|Adult male||Adult female|
Common name - Sprinkled locust (Somes, 1914).
Geographic distribution - Maine to Ontario and Alberta in southern Canada and south to North Carolina, Arkansas and Colorado (Froeschner, 1954). In Colorado it is found in the foothills of the northern part of the state (Alexander, 1941).
Colorado Distribution Map
Habitat - lives in dense vegetative cover as occurs at fence rows and in woods (Froeschner, 1954).
Food habits - feeds on grasses; its preferred grass is bluegrass (Mulkern et al., 1969; Uvarov, 1977).
Eggs - about 10 creamy white eggs are produced per pod. Average length, 5 mm; average diameter, 1 mm (Onsager and Mulkern, 1963).
Nymph - five instars (Cantrall, 1943).
Adult - small to medium size. General color is brown. Face is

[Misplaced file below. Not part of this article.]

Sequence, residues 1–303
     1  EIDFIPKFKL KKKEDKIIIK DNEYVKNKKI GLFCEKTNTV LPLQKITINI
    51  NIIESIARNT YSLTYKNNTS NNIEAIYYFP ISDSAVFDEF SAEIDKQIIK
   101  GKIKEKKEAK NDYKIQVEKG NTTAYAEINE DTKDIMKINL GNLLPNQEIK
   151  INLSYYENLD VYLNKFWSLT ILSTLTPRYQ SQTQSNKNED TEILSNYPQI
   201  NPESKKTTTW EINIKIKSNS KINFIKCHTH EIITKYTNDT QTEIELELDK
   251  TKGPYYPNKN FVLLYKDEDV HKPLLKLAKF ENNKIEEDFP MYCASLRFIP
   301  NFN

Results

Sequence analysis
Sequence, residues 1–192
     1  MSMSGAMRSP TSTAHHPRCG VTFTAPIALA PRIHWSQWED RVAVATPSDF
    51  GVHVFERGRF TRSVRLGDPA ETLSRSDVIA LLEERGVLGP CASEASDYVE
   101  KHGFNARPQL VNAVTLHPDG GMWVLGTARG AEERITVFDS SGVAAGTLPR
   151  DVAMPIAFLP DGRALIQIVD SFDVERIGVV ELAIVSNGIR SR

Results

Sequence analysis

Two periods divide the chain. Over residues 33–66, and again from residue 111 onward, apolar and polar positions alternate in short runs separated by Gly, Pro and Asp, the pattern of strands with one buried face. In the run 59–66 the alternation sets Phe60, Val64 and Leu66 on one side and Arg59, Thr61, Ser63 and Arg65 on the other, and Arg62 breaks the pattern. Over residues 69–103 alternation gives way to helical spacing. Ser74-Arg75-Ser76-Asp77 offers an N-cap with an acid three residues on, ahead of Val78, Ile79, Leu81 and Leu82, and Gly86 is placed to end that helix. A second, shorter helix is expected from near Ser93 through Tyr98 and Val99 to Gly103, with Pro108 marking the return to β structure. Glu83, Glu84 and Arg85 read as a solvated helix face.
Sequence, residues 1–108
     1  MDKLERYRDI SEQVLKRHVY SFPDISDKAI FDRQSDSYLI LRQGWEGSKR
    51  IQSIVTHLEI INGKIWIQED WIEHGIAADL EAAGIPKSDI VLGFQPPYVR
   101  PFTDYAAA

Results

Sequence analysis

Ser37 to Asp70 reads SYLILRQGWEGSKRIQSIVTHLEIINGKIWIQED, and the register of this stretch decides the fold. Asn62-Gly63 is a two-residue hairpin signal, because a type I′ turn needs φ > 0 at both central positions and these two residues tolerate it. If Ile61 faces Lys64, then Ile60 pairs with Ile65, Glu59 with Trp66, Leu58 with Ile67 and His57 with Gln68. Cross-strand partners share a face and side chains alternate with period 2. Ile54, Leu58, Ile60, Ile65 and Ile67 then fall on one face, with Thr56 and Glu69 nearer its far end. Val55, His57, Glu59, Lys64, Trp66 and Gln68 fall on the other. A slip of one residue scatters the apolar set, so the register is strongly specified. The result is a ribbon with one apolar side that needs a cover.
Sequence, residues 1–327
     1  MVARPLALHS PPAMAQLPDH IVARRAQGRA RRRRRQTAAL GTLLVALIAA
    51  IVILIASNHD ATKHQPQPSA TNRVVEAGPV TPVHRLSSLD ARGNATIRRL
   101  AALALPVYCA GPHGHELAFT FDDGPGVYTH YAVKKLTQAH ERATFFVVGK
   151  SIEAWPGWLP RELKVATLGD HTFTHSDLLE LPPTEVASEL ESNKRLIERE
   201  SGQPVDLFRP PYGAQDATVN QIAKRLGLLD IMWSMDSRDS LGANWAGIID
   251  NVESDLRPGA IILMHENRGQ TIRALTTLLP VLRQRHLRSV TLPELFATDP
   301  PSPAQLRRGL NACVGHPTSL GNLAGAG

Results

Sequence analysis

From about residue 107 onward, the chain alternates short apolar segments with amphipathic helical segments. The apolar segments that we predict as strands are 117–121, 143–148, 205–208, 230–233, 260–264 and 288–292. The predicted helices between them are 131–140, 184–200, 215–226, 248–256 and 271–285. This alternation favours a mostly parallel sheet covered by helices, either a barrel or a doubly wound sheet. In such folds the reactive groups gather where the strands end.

slightly slanted. Vertex is rounded. Antennae are slender. Dorsal posterior
margin of pronotum is straight to weakly curved. Lateral carinae are prominent
on head and pronotum. Median carina is not as noticeable.
Males: brown, mottled with fine black spots. Lateral lobes of pronotum are shining black. Ventral surface is rich, reddish-brown. Tegmina are expanded distally. Wings are colorless. Length, 19 mm.
Females: larger and duller. Lateral lobes of pronotum are not black. Wings and tegmina usually are short and abortive. Length, 22 mm (Somes, 1914).
|Tegmen||Pronotum (Side view)||Pronotum (Top view)|
Oviposition - female drills holes in wood and deposits her eggs there. She will deposit eggs in soil and dung when wood is unavailable (Somes, 1914).
Seasonal history - adults appear in late June and remain until early September (Hubbel, 1922b).
Abundance and importance - local distribution near wooded areas keeps C. conspersa from being an economic pest (Brusven, 1967).
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Biology of Common Colorado Grasshoppers
Grasshoppers of Colorado Contents